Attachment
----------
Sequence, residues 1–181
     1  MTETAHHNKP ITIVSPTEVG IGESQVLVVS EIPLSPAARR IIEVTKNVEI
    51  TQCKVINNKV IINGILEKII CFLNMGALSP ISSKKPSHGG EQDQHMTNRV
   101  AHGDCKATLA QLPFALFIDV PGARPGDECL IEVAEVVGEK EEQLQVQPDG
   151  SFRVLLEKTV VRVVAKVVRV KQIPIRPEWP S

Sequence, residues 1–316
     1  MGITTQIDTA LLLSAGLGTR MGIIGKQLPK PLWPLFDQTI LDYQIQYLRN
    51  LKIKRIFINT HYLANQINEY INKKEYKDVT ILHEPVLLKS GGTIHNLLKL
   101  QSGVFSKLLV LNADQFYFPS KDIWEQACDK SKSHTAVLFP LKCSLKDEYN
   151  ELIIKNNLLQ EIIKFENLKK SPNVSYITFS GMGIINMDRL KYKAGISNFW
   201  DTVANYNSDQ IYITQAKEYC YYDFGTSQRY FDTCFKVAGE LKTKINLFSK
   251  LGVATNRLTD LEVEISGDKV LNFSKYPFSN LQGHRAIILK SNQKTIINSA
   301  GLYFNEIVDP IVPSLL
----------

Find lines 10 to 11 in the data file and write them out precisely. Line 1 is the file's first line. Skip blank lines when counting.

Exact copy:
   151  ELIIKNNLLQ EIIKFENLKK SPNVSYITFS GMGIINMDRL KYKAGISNFW
   201  DTVANYNSDQ IYITQAKEYC YYDFGTSQRY FDTCFKVAGE LKTKINLFSK